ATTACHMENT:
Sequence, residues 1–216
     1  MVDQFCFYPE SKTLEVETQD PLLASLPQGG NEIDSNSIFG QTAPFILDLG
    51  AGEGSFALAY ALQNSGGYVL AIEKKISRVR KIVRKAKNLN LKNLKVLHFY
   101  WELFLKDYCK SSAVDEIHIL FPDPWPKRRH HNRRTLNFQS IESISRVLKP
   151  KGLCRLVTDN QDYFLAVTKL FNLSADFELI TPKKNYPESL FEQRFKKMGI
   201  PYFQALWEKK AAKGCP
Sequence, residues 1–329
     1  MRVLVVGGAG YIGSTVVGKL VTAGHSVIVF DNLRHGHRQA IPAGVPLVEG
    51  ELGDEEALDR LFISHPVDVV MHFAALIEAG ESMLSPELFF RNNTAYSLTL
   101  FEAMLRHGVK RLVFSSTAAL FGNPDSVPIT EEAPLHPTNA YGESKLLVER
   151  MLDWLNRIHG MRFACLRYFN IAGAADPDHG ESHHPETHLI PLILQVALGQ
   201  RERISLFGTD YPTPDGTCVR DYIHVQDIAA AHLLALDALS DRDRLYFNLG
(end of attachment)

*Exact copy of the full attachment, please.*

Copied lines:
Sequence, residues 1–216
     1  MVDQFCFYPE SKTLEVETQD PLLASLPQGG NEIDSNSIFG QTAPFILDLG
    51  AGEGSFALAY ALQNSGGYVL AIEKKISRVR KIVRKAKNLN LKNLKVLHFY
   101  WELFLKDYCK SSAVDEIHIL FPDPWPKRRH HNRRTLNFQS IESISRVLKP
   151  KGLCRLVTDN QDYFLAVTKL FNLSADFELI TPKKNYPESL FEQRFKKMGI
   201  PYFQALWEKK AAKGCP
Sequence, residues 1–329
     1  MRVLVVGGAG YIGSTVVGKL VTAGHSVIVF DNLRHGHRQA IPAGVPLVEG
    51  ELGDEEALDR LFISHPVDVV MHFAALIEAG ESMLSPELFF RNNTAYSLTL
   101  FEAMLRHGVK RLVFSSTAAL FGNPDSVPIT EEAPLHPTNA YGESKLLVER
   151  MLDWLNRIHG MRFACLRYFN IAGAADPDHG ESHHPETHLI PLILQVALGQ
   201  RERISLFGTD YPTPDGTCVR DYIHVQDIAA AHLLALDALS DRDRLYFNLG